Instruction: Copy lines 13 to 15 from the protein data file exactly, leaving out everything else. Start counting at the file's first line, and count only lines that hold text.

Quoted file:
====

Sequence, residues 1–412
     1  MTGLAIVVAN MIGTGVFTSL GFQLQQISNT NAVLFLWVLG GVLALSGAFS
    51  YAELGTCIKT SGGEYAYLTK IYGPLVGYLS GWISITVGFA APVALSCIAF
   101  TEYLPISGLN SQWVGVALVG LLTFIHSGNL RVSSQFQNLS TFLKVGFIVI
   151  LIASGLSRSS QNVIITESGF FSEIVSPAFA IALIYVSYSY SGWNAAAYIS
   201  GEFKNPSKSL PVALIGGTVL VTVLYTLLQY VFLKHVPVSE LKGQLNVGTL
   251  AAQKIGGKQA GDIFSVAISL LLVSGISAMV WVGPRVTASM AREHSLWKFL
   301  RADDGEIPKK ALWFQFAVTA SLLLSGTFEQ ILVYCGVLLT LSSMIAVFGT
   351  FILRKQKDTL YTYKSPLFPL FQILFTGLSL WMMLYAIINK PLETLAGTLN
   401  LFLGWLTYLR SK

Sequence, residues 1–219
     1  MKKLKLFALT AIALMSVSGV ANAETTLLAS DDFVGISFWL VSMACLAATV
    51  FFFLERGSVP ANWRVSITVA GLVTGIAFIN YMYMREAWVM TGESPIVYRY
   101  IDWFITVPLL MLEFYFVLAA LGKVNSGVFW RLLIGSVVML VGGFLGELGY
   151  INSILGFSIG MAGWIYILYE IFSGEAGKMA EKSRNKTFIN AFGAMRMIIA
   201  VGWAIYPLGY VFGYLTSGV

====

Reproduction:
    51  FFFLERGSVP ANWRVSITVA GLVTGIAFIN YMYMREAWVM TGESPIVYRY
   101  IDWFITVPLL MLEFYFVLAA LGKVNSGVFW RLLIGSVVML VGGFLGELGY
   151  INSILGFSIG MAGWIYILYE IFSGEAGKMA EKSRNKTFIN AFGAMRMIIA